Chapter 2: The Anthropocene. Harari calls the last 70,000 years the Anthropocene epoch, the age of dominant humans [technically, we’re in the Holocene for 11,700 years, from the last major ice age]. The dating at 70,000 years is questionable, the assumption that humans changed then (e.g., creating language). He characterizes emotions as biochemical algorithms needed for survival, with an algorithm as a “methodical set of steps that can be used to make calculations, resolve problems and reach decisions” (p. 83). [The concept of a “biochemical algorithm” is in the science literature, but does not seem to be widely adopted as a biological principle; I’m still skeptical.] Harari defines algorithm broadly.

Early 20th century psychologists opposed hugs and kisses for kids: it would “spoil them” [explaining much of my early childhood]. Then Harry Harlow separated infant monkeys from their mothers and gave them a choice of a dummy fitted with a milk bottle and a cloth-covered dummy monkey (this was in the 1930s). The infants went straight for the cloth money and clung to it. Mammals need emotional bonds (Harlow’s contact comfort theory). Blankets work for human children too.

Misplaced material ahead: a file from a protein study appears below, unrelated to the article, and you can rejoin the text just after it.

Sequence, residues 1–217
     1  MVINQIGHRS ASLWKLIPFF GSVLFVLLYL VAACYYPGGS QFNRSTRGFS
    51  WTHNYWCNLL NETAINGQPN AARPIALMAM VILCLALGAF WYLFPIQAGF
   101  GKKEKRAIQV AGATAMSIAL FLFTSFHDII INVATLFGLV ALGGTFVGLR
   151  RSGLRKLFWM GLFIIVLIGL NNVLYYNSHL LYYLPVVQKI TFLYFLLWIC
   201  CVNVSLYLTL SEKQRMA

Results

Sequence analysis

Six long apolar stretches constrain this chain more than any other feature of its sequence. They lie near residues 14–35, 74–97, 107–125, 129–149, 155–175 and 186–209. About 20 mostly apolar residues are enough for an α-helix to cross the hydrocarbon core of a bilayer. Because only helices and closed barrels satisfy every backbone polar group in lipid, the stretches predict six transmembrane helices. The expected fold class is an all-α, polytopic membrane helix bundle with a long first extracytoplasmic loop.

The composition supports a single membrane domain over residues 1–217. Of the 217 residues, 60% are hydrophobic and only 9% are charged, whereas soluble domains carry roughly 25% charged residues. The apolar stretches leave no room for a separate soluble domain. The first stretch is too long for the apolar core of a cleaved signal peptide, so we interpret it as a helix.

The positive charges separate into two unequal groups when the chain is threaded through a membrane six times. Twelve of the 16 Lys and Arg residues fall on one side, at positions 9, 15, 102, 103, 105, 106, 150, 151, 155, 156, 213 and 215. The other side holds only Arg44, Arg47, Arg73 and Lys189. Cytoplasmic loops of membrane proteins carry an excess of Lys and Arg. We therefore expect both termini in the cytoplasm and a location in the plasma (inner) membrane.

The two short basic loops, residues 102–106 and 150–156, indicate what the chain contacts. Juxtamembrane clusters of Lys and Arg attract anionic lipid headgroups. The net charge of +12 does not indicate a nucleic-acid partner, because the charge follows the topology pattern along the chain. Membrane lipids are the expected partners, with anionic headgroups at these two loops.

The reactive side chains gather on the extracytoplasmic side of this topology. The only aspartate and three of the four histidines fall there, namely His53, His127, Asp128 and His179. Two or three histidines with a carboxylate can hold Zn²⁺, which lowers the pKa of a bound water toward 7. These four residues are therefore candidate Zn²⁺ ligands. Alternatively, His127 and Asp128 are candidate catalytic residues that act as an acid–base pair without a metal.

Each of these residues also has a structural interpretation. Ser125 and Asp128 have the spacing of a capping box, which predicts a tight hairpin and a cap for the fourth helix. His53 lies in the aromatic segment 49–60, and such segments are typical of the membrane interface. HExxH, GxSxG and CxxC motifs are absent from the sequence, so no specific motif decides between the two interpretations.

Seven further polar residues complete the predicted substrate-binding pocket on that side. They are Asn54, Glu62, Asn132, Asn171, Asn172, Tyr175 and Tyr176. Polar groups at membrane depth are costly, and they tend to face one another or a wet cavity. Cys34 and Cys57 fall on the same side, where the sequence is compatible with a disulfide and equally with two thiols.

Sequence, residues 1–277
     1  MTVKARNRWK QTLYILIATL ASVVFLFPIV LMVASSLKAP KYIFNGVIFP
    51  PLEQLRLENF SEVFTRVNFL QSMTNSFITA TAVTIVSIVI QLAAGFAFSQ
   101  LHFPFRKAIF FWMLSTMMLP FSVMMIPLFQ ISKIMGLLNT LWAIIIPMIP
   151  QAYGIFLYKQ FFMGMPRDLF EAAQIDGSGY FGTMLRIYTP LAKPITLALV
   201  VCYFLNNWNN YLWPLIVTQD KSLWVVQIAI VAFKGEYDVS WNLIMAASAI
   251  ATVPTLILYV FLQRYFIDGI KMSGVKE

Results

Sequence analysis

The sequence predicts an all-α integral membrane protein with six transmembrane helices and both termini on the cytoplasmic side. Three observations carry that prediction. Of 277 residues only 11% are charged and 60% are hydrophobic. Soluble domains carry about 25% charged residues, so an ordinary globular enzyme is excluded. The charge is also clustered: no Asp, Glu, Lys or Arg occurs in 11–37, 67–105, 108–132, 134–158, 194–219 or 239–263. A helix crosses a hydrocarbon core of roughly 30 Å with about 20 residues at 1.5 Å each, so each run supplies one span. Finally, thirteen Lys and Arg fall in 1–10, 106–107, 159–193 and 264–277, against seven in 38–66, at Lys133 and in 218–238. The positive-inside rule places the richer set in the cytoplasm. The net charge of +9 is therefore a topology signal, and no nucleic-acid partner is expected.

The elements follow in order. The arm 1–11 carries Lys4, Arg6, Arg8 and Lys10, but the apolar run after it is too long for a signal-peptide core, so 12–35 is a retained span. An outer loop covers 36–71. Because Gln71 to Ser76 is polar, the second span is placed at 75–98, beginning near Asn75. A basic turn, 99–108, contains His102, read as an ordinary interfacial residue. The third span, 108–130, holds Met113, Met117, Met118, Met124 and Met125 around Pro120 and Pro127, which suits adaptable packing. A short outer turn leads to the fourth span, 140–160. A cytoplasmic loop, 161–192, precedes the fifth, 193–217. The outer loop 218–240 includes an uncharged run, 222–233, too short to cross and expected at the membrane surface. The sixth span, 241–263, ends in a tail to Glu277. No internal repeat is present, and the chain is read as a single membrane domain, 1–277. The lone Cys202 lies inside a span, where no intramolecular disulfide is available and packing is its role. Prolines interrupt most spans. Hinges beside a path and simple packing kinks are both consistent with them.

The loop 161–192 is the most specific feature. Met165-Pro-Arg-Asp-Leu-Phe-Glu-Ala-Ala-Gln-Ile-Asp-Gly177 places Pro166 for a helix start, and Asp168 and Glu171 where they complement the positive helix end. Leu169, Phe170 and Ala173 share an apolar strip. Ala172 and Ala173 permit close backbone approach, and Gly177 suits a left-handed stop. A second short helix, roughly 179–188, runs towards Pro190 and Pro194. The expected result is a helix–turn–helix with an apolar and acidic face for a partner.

“The Agricultural Revolution was both an economic and a religious revolution” (p. 95). Theist religions started as agricultural enterprises, like shepherds in the Old Testament with a focus on farming and village life. Harari descried the Jerusalem temple as “a cross between a slaughterhouse and a barbecue joint … [with] a never-ending stream of sheep, goats, chickens … which were sacrifices at the god’s altar and then cooked and eaten. … justified the agricultural economy through new cosmological myths” (p. 91). People have a soul, but animals don’t in this cosmology and can be destroyed for the crimes of people.

“Whereas the Agricultural Revolution gave rise to theist religions, the Scientific Revolution gave birth to humanist religions. Scientific Revolution gave birth to humanist religions” (p. 98).